Tag Archives: Hygiene

Three Hits Hypothesis

Quite a lot of diseases are brought about by the conflation of two factors. Mice infected with certain herpes viruses suffer no ill-effect unless a helminth infestation supervenes. Oral allergy syndrome arises when a certain pollen interacts with certain foods (usually raw fruits, vegetables and nuts). The hygiene hypothesis says that lack of exposure to certain gut bacteria sensitises the body to allergic reactions to a range of environmental allergens. The pathway for disease involves three hits:

Genetically predisposed person –> Exposure 1 –> Exposure 2 –> Disease.

An intriguing example of a three-hit condition is the severe disease of children – Burkitt’s lymphoma. This cancer arises in germinal centres of lymph nodes in the neck. It is known that Epstein-Barr (EB) virus infection is necessary for endemic Burkitt’s lymphoma to develop because it prevents apoptosis (cell death) when certain mutations occur in the cell. But endemic Burkitt’s lymphoma only occurs in the malaria belt, and why this is so has been a mystery until the last few years. Now we know that the malaria parasite Plasmodium falciparum ‘upregulates’ an enzyme that causes mutations in DNA in lymph cells. These mutations are a normal part of antibody production since rearrangements of chromosome segments is necessary for antibody specificity. But in people with falciparum malaria, the effect ‘spills over’ to cause mutations of cancer genes. The double hit of EB plus malaria sets the scene for carcinogenesis.[1] Why in the neck – perhaps because lymph cells in the necks of children work particularly hard eradicating throat and ear infections, in which case there is a ‘four hits’ hypothesis!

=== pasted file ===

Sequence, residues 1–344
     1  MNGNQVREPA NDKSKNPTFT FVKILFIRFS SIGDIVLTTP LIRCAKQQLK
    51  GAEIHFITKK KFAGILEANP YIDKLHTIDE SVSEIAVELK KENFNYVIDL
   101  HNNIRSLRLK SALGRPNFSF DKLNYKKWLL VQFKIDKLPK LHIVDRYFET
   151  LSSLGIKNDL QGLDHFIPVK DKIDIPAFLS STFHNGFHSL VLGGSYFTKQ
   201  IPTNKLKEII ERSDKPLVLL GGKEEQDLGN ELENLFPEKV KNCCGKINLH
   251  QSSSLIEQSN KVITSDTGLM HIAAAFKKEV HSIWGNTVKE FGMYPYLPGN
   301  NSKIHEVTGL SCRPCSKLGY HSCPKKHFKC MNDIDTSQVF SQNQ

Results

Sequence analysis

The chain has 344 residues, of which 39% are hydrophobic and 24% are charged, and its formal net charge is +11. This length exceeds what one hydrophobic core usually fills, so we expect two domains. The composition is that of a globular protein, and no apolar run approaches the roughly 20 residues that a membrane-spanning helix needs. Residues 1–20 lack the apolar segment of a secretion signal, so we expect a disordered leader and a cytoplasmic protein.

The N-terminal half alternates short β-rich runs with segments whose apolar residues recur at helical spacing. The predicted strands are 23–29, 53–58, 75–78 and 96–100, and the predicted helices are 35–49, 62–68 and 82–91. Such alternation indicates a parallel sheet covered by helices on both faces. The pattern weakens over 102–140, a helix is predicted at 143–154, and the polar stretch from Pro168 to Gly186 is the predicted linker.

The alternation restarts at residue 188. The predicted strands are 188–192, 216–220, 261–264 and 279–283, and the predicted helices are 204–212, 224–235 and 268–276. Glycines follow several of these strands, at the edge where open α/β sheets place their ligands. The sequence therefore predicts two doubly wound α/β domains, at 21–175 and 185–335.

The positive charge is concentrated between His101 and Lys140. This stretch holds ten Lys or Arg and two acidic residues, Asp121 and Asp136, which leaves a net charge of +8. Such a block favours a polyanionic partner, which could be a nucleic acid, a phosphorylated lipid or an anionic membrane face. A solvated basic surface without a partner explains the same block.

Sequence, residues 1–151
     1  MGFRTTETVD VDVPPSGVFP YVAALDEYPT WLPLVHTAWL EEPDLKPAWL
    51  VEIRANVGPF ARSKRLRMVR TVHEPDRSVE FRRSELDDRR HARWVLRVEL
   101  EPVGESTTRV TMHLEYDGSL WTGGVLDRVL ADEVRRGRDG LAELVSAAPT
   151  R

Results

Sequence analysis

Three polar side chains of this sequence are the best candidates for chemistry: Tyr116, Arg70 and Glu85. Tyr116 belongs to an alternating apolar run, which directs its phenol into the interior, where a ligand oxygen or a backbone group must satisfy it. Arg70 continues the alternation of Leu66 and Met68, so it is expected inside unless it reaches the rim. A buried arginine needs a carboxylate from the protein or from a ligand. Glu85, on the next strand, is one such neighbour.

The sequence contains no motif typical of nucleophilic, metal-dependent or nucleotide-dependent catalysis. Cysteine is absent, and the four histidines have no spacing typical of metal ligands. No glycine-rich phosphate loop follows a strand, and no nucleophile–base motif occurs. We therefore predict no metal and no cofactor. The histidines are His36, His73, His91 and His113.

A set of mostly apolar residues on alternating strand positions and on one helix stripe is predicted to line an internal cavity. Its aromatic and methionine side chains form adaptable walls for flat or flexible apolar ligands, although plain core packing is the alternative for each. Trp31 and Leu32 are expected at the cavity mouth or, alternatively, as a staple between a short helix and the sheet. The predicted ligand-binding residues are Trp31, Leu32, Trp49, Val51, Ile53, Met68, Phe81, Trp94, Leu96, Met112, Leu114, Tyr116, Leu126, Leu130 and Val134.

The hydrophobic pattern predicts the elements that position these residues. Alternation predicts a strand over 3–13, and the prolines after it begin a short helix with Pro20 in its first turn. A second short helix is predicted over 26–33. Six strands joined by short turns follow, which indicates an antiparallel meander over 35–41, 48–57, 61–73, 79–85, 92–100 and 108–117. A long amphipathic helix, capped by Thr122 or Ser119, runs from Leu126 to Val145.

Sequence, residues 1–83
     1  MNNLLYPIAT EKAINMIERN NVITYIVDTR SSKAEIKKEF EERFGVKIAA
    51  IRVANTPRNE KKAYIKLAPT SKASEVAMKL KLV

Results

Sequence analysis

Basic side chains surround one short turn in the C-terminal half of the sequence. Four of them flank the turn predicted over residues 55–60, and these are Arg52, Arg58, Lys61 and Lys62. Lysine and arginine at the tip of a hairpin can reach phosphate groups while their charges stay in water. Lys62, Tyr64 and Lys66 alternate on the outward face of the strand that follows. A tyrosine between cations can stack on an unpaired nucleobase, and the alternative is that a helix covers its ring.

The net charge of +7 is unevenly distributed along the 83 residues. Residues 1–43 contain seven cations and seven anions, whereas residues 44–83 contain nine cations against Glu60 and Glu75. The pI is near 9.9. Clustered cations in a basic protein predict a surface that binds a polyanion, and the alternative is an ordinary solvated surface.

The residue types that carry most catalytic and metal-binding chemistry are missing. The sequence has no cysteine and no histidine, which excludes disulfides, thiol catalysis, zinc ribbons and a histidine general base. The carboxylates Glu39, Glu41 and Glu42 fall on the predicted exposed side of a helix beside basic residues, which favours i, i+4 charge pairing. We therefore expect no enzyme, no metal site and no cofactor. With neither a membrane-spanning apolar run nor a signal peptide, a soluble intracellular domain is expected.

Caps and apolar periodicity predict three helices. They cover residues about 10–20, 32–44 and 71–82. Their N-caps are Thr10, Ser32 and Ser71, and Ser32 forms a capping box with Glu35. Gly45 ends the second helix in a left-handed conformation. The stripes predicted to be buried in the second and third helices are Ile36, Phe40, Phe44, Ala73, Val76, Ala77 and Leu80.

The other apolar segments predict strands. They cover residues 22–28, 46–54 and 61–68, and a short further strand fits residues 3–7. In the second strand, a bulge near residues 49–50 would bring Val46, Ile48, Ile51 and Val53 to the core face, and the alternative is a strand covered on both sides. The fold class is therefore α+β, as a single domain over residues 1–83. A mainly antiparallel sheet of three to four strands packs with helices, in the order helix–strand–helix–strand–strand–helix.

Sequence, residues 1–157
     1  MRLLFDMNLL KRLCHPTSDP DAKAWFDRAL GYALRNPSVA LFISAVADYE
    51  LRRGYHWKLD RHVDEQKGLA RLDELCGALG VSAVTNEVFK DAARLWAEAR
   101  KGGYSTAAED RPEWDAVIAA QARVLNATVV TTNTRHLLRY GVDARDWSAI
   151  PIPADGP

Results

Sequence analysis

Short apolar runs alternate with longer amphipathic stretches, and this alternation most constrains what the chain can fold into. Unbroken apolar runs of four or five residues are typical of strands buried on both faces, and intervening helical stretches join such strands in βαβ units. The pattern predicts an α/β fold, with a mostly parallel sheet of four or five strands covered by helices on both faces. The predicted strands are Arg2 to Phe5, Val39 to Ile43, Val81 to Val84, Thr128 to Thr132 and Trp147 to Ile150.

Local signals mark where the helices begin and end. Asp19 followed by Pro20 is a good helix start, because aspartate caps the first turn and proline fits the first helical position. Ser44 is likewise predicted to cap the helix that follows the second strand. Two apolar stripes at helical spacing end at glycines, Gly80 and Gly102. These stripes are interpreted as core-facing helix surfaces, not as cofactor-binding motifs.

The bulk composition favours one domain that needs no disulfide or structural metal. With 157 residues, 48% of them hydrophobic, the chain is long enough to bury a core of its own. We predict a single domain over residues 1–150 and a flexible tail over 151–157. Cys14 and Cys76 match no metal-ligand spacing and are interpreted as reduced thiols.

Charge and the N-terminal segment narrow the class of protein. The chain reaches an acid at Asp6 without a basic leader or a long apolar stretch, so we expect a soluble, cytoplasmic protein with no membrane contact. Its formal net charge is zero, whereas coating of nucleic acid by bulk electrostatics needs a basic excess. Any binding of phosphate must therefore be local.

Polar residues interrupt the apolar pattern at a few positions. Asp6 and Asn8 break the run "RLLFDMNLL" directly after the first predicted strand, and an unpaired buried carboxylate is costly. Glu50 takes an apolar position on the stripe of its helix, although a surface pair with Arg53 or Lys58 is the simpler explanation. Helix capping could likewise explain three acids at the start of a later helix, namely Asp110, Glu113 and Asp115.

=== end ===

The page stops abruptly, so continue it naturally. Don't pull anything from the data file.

— Richard Lilford, CLAHRC WM Director

References:

  1. Thorley-Lawson D, Deitsch KW, Duca KA, Torgbor C. The Link between Plasmodium falciparum Malaria and Endemic Burkitt’s Lymphoma—New Insight into a 50-Year-Old Enigma. PLoS Pathog. 2016; 12(1): e1005331.

Fine Dining and Fine Hygiene are Negatively Correlated

A recent study shows that restaurants rated highly in food guides are associated with a greater overall risk of foodborne gastrointestinal diseases outbreaks than your run-of-the-mill restaurant.[1] However, the ‘high-end’ restaurants also score more highly on the Food Agency Inspection visits. So why do the posh restaurants generate more GI diseases than their more mundane peers despite better hygiene in the restaurants with the best food? The high disease risk in highly rated restaurants probably comes from the nature of the food served (e.g. oysters) and cooking methods (e.g. low temperatures to produce chicken liver parfait). So the risk is real, but worth running!

— Richard Lilford, CLAHRC WM Director

Reference:

  1. Kanagarajah S, Mook P, Crook P, Awofisayo-Okuyelu A, McCarthy N. Taste and Safety: Is the Exceptional Cuisine Offered by High End Restaurants Paralleled by High Standards of Food Safety? PLoS Curr Outbreaks. 2016.